Select Committee on Health Written Evidence


Memorandum by the Prescription Medicines Code of Practice Authority (PI 128)


  The Analysis of the Pharmaceutical Industry's Marketing Documents provided to the House of Commons Health Select Committee refers to examples which the authors consider contravene the Association of the British Pharmaceutical Industry (ABPI) Code of Practice for the Pharmaceutical Industry.

  The Prescription Medicines Code of Practice Authority (PMCPA) has not seen the materials submitted by the five companies, much of which was internal documentation not for use with either health professionals or the public. The Code applies to the promotion of medicines for prescribing to health professionals and to appropriate administrative staff and to information made available to the public about medicines so promoted (Clause 1.1). Internal documentation is not usually covered by the Code. It appears that much of the material criticised is internal documentation.

  The PMCPA does not know whether the materials requested have already been the subject of complaints under the Code. It appears from the limited details in the Analysis that some of the criticisms may relate to matters previously the subject of complaints under the Code. Most of the products listed have been the subject of complaints over the last couple of years, with some ruled to be in breach of the Code. In every case where a breach is ruled the practice in question has to cease forthwith and a detailed report is published.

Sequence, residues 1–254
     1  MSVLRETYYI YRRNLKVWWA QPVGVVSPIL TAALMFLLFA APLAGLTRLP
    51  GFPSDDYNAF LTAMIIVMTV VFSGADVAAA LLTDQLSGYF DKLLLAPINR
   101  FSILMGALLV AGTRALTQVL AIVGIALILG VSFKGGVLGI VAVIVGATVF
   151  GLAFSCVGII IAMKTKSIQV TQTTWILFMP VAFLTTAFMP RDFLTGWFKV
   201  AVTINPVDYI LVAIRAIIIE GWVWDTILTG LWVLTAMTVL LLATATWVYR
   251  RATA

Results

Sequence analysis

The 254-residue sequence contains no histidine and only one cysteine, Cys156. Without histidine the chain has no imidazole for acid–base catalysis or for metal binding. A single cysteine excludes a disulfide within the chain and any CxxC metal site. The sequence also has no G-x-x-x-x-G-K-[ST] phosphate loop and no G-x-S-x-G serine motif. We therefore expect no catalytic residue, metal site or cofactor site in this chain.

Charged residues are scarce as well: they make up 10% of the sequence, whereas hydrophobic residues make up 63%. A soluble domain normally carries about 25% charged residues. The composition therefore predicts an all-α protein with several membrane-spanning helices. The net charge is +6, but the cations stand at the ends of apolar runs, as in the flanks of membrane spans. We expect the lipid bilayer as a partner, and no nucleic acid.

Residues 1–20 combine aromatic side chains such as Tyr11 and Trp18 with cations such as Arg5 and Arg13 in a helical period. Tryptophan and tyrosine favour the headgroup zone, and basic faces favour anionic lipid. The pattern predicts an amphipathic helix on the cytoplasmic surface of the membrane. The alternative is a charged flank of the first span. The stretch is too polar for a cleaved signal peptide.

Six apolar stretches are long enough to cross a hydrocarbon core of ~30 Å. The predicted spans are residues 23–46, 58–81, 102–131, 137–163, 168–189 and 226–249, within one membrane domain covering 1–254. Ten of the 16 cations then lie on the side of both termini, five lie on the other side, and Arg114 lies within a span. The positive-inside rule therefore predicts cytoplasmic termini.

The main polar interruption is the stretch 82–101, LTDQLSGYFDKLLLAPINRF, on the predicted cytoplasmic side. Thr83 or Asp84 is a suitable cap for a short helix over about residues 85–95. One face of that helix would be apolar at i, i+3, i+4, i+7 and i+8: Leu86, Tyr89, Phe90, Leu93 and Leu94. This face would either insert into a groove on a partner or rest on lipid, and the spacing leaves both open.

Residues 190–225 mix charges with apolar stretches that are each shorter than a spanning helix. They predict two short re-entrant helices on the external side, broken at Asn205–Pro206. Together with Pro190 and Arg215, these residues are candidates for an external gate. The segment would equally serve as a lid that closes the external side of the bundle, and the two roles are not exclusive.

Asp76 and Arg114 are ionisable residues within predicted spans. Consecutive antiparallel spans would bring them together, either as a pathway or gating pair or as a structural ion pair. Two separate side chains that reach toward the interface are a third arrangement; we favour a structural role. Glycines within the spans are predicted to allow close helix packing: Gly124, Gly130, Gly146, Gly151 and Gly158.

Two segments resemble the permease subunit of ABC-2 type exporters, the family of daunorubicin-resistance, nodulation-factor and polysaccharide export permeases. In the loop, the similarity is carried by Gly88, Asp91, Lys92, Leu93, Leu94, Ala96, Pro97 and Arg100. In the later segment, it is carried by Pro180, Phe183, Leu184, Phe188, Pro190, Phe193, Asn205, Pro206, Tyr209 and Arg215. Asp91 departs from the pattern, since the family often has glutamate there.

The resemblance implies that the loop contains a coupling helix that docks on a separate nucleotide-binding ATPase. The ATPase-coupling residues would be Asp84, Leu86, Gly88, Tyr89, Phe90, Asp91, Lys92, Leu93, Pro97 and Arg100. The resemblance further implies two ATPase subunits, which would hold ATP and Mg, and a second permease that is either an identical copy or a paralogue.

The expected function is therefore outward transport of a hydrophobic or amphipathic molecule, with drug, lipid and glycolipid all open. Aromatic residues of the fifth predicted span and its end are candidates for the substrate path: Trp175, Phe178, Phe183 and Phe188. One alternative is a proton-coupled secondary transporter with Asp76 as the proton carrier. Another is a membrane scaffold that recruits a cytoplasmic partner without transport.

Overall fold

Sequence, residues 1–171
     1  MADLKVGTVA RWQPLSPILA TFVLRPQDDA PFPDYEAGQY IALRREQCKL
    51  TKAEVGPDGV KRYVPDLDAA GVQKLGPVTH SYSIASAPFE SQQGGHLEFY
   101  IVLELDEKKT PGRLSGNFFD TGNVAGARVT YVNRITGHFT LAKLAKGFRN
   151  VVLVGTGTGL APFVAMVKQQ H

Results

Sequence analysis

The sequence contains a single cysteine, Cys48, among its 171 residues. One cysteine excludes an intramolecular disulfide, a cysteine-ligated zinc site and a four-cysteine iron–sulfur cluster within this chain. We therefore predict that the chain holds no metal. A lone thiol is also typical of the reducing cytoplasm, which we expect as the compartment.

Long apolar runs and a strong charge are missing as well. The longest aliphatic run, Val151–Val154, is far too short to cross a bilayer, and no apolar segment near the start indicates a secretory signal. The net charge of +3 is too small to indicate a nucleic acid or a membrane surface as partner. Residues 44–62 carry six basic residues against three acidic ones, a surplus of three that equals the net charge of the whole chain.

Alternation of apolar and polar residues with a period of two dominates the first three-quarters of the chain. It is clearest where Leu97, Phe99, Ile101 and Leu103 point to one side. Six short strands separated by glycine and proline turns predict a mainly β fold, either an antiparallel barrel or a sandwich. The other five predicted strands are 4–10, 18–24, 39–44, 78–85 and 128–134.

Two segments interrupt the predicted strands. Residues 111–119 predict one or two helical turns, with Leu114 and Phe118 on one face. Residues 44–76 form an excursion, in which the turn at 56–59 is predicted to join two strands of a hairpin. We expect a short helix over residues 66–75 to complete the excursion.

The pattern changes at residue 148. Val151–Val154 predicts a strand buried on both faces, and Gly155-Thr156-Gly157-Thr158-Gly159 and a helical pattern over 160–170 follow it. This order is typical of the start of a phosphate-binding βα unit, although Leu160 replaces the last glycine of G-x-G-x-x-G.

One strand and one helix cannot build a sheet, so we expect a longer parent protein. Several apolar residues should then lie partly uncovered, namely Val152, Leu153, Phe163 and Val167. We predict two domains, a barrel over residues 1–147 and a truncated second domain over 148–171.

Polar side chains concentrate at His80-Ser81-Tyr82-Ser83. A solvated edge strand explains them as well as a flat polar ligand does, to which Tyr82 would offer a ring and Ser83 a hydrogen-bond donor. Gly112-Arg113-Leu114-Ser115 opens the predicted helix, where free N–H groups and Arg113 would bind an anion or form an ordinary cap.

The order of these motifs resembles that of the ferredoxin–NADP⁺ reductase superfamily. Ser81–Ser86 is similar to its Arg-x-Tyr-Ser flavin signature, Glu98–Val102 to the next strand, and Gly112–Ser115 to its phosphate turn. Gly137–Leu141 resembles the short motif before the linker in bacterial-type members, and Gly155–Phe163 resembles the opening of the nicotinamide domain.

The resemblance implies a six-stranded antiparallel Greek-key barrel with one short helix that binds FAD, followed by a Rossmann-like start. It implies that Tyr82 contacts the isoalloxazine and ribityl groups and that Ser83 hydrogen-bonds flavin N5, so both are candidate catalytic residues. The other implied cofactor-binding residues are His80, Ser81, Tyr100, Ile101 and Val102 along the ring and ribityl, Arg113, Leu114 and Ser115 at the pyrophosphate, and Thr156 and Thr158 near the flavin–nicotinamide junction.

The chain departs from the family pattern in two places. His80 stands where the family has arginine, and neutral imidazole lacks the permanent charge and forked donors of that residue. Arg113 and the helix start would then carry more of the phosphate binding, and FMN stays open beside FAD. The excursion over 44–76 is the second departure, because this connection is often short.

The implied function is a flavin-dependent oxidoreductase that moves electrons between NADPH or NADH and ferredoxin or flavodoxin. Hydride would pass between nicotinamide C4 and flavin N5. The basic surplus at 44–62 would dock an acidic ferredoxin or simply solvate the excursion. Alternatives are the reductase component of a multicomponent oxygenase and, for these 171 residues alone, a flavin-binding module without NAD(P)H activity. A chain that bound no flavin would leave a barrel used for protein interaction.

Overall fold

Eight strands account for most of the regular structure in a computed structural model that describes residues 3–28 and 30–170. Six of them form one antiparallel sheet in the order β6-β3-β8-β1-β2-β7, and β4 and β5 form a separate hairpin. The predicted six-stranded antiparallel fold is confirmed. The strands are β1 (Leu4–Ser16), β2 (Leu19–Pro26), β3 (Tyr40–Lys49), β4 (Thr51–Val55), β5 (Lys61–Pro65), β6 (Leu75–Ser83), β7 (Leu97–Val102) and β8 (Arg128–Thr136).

The Analysis draws unsubstantiated conclusions from activities and misunderstands the requirements of the Code in that it gives the impression that every activity that increases sales of a specific medicine is a breach of the Code. This is simply not so.

  When considering whether or not there has been a breach of the Code the most important considerations are the content of the material actually used with the health professional or member of the public and its effect. As in the interpretation of UK law, the intention of the material/activity is not necessarily relevant although it might be taken into account when trying to decide whether high standards have been maintained (Clause 9.1) or whether there is a reduction in confidence in the industry (Clause 2) or when determining the sanctions to be applied if a breach of the Code is ruled.

  It appears from the Analysis that there have been many misunderstandings about what is permitted by the Code and what is not. Detailed comments appear below.


  Medicines can be named in information made available to the public provided such material complies with Clause 20 of the Code including the prohibition on advertising prescription only medicines and certain other medicines to the public.

  1.  It is not a breach of the Code to target members of the public (even those that are likely to respond to the message) nor is it a breach of the Code to segment the population. The important point is whether the materials used with the public are in accordance with Clause 20 of the Code.

  2.  It is not a breach of the Code for a company to carry out its activities in such a way that the public is more receptive to the message, for example by working with patient organisations to produce materials or leaving leaflets in pharmacies and/or surgeries. The content of the material is the important factor, including the requirement to clearly declare sponsorship on materials relating to medicines and their uses (Clause 9.10).

  3.  Companies may make reference to direct to consumer advertising as some medicines which are promoted to health professionals for prescribing can also be legally advertised to the public for purchase (over-the-counter medicines). Public relations activities to the public are covered by Clause 20. Placing articles in the lay press, TV documentaries, soap operas etc is not necessarily in breach of the Code. This would depend on whether the material provided by the company to the press, TV company etc complied with the Code.